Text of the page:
This explores the aesthetic dimensions of the Arab Spring and the worldwide protest movements that followed.
From Egypt to India, and from Botswana to London, worker, youth and middle class rebellions have taken on the political and bureaucratic status quo.
When most people can no longer earn a decent wage, they pit themselves against the privilege of small, wealthy and often corrupt elites.
A remarkable feature of the protests from the Arab Spring onwards has been the importance of images, songs, videos, humour, satire and dramatic performances.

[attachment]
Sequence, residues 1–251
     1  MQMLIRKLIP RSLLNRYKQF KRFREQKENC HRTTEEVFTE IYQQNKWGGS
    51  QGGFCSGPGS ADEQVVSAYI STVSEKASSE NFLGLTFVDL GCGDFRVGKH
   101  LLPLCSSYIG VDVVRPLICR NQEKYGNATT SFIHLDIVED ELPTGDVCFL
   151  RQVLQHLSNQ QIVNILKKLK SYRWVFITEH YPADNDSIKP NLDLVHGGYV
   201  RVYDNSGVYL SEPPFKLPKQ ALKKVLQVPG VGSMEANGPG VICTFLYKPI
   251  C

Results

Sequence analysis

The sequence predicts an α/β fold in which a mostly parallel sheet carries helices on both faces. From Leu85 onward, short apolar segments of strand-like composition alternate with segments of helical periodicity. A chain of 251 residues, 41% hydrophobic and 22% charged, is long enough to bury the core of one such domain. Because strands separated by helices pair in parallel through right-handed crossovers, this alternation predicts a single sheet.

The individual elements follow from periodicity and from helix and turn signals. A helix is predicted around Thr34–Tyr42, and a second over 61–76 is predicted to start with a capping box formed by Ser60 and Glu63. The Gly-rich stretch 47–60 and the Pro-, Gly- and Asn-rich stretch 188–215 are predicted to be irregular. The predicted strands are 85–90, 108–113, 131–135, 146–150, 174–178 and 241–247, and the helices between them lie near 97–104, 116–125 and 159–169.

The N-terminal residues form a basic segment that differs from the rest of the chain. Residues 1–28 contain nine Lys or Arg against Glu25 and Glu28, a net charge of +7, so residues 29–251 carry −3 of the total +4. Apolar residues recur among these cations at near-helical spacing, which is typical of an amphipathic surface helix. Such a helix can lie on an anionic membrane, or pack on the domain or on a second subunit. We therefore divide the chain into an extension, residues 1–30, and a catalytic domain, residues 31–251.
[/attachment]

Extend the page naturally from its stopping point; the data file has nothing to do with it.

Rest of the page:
This book explores the central role the aesthetic played in energising the massive mobilisations of young people, the disaffected, the middle classes and the apolitical silent majority.
Discover how it fuelled solidarities and alliances among democrats, workers, trade unions, civil rights activists and opposition parties.
It includes over 150 colour illustrations showing how visual media is used in protest movements across the globe.
It offers a diversity of perspectives from political, media, visual, economic and linguistic anthropology, and the anthropology of work, art, social organisation and social movement.